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US President Donald Trump meets with Israeli Prime Minister Benjamin Netanyahu in the Oval Office of the White House in Washington, DC, January 27, 2020. LEHTIKUVA / AFP

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Since US President Donald Trump took office, the US and its allies have reached consensus less often than before, while the US has agreed with Isreal almost on all issues. This is the result of the ifo Institute’s calculations after studying the voting behaviour of the US and its allies in the UN General Assembly. 

“Since Donald Trump’s inauguration, the degree of consensus between the US and other Western nations has dropped around 7 percentage points below where it was under former US presidents,” write ifo researchers Martin Mosler and Niklas Potrafke, Director of the ifo Center for Political Economy and Public Finance.

They differentiate their results by region. For example, the rate of consensus between the US and the other G7 countries fell from 64.0 percent before Trump took office to 56.8 percent. Consensus with NATO member states declined even more sharply – from 61.3 percent to 53.4 percent. The decline was less pronounced in relation to the OECD countries, dropping from 58.7 percent to 52.0 percent. 

The US’s consensus rate with Germany fell from 64.7 percent to 53.6 percent and with the UK it decreased particularly sharply – namely by 14 points, from 74.1 percent to 60.2 percent. However, the rate of consensus with Israel rose from 81 percent to 93.2 percent.

“Differences in voting were particularly pronounced for NATO partners and for resolutions on issues regarding the Middle East,” Mosler and Potrafke write. “One might assume that left-wing governments would be less likely to agree with the United States, but our empirical results suggest otherwise.”

“The president of the United States Donald Trump has intimidated allied countries. For example, Trump called the Canadian prime minister “very dishonest and weak” when he left the G7-meeting in 2018 and criticised European NATO members for spending too little on military expenditure. The strategic US foreign policy relative to Western partners, however, has also drastically shifted since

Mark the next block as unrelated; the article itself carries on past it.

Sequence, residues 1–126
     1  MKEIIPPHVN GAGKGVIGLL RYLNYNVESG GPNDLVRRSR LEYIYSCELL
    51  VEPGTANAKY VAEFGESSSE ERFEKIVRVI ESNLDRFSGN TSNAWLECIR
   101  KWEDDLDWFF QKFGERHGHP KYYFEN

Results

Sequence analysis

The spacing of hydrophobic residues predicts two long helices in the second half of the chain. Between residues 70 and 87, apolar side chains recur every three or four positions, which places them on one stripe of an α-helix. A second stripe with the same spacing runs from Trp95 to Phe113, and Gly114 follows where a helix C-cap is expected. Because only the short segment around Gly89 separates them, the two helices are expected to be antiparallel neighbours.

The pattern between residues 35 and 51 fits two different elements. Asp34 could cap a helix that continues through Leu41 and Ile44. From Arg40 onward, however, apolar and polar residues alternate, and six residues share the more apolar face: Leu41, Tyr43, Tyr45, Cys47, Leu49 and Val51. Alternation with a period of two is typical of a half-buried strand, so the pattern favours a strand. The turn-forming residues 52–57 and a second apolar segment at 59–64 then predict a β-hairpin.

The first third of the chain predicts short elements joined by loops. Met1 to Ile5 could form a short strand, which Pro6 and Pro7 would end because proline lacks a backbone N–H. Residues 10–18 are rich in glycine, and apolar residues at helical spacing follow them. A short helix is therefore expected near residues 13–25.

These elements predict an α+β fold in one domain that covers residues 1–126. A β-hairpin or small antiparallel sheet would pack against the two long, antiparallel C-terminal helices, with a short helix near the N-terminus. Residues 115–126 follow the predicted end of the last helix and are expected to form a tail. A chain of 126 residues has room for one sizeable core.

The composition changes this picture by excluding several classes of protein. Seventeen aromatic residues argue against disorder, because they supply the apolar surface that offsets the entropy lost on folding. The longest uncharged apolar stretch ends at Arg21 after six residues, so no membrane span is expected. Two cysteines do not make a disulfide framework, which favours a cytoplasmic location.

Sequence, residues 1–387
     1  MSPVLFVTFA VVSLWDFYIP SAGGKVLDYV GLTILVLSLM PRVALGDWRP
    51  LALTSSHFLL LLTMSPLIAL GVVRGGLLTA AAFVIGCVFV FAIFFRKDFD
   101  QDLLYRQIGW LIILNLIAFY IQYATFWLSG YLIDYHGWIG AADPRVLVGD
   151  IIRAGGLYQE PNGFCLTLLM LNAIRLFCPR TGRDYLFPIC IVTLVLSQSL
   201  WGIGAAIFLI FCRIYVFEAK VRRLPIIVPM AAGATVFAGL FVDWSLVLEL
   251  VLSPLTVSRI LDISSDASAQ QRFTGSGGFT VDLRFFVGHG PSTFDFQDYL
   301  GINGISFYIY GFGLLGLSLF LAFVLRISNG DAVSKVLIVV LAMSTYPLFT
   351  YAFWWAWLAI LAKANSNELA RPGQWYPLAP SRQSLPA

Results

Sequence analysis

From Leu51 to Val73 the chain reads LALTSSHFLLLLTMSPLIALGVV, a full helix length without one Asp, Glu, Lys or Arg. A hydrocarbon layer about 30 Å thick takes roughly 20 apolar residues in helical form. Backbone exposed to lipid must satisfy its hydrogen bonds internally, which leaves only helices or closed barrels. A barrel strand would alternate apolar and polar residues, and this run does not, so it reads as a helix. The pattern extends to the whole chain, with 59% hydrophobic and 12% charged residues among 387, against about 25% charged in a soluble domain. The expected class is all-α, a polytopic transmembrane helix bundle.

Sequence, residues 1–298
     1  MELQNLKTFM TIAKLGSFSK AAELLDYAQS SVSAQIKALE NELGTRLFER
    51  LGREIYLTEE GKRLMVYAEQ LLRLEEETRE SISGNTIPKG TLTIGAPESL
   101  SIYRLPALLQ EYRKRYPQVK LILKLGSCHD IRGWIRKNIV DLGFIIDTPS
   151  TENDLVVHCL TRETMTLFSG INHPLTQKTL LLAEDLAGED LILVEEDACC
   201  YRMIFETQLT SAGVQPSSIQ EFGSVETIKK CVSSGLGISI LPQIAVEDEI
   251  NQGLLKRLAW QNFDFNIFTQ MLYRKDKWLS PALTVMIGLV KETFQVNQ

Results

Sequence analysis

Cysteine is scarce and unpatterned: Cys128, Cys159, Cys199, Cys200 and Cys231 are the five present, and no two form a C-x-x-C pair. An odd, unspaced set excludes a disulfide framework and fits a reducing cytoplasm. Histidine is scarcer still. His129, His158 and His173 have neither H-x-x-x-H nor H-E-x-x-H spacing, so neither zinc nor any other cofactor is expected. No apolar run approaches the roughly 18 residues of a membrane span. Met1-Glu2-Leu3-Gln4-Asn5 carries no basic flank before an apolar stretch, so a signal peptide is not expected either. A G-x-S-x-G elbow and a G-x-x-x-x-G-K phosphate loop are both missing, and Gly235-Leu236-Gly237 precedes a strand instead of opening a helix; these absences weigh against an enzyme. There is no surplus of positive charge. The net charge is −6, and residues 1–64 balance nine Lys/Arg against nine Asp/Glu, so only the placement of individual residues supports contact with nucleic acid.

Donald Trump took office. The United States initiated a trade war putting tariffs on goods traded with other OECD countries (WTO 2019), backed out of the Iran nuclear deal prompting harsh criticism by other G7 member states, or moved its embassy in Israel to Jerusalem against the condemnation of most of the UN WEOG voting group.” Authors acknowledge.

“The United States has, however, mostly voted against resolutions criticizing Israel for the last decades. This trend has strengthened under Donald Trump: while the other Western countries slightly increased their approval rate on resolutions on the Israel-Palestine conflict, the approval rate of the United States on resolutions dealing with the Middle East drastically declined from 16.7 percent before Trump's presidency to 2.9 percent since Trump has been in office. The relocation of the United States embassy from Tel Aviv to Jerusalem and the recognition of Israeli sovereignty over the Golan Heights are prime examples of the changing foreign policy of the United States regarding Middle Eastern topics.” States the report.

Article: “International Relations under Donald Trump – Evidence on Voting Behavior between the United States and the West in the UN General Assembly,” by Martin Mosler and Niklas Potrafke, in: ifo Schnelldienst 1/2020 can be found here.

 

HT

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